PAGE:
If your hand causes you to stumble, cut it off. It is better for you to enter life maimed than with two hands to go into hell, where the fire never goes out. And if your foot causes you to stumble, cut it off. It is better for you to enter life crippled than to have two feet and be thrown into hell. And if your eye causes you to stumble, pluck it out. It is better for you to enter the kingdom of God with one eye than to have two eyes and be thrown into hell, where “‘the worms that eat them do not die, and the fire is not quenched.’ Mark 9 verses 43-48.
Do you think Jesus is talking about hell here? If you didn’t answer “yes,” perhaps you need to read it again. Is He talking about eternal burning in an unending fire? Maybe; there isn’t enough information to know whether this is direct reference or a metaphor.
Why am I asking this? I’m on the bandwagon of people who decry our nation’s ignorance of hell. Just this past month, a group of Satanists unveiled a statue in Detroit of Satan; it’s their 1st Amendment right, just as it’s someone else’s to call that “dumb.” Don’t these people fear hell? ISIS murders innocent people by the thousands in ways that are, um, creative and titillating: don’t they fear hell? People do unspeakable things to little children, or even to defenseless animals that are part of God’s creation for our enjoyment: don’t they fear hell?
I live in the south, so there’s no shortage of churches that will give you your fill of hellfire and brimstone preaching that will, in the least, motivate you to contemplate the domain of the devil. Let’s face it: it’s a sobering yet healthy thing to confront the idea that there really is evil in our world. The place our just and loving God has reserved for evil once our world has ended is hell. The previous verses in this chapter are only a few of some throughout the Bible that tell us of how damnation awaits those who consciously refuse to believe in Jesus. Whether it’s literal fire, the absence of love, or something else, it will be more unpleasant than anything we could imagine.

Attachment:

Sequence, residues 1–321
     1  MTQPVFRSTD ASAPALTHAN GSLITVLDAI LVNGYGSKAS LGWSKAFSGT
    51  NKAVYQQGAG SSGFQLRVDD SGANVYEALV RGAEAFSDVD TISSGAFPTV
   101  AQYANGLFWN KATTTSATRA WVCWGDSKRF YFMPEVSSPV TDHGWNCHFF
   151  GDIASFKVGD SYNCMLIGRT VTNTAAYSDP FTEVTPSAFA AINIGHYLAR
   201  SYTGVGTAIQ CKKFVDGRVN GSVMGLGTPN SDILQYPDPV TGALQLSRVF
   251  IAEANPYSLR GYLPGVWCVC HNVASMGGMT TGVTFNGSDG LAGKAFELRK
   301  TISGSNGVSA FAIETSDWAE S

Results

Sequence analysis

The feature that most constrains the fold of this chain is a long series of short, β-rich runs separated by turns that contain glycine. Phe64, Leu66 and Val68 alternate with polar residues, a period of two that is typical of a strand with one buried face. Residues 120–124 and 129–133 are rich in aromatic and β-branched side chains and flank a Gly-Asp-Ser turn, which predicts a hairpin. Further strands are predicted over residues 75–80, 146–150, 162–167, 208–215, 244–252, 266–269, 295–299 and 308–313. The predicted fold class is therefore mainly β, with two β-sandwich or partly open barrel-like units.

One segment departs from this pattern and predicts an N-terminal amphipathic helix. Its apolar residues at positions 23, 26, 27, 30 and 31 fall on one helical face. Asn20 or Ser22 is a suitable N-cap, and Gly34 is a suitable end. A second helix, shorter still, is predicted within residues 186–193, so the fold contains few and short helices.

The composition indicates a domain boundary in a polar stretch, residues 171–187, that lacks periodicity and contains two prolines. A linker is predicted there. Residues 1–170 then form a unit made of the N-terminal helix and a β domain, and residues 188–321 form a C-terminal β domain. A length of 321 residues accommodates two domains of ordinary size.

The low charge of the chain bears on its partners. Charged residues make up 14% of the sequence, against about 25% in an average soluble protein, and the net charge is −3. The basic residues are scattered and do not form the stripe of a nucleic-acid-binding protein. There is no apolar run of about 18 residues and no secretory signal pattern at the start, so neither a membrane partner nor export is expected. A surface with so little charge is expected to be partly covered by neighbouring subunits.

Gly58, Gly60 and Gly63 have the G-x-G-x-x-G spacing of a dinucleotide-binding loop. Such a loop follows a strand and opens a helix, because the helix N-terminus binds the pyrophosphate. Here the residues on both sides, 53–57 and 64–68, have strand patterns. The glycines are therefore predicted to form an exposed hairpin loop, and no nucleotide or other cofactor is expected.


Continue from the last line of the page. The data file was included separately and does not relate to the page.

But here’s where I’d like to go in a different direction. Instead of just asking again “don’t they fear hell,” perhaps we could better serve our world by asking “how can I introduce them to Jesus?” The presence of evil isn’t evidence of the absence of Jesus so much as it is the acceptance of the consequences when we turn away from Jesus. The longer I live, the more I see Jesus is with me every minute, even when evil prevails. He’s there even when evil shows up on our doorstep, in our hearts, throughout our words and actions when we turn in even subtle ways. Satan can only exploit us if we let him.
Just like he can only exploit those folks who let him have his way in their lives. Jesus is with us throughout. Instead of standing by, watching while others choose destruction, how about we bridge their self-made gap to Christ? “Do you know Him?” “Can I take a few minutes to tell you about Him?” Those words might mean the difference between someone using their Jesus-given gift of free will to move forward for Him instead of downward towards the realm of the evil one.
Lord, keep me from temptation and forgive my sins.
Read Mark 9, verses 42-50.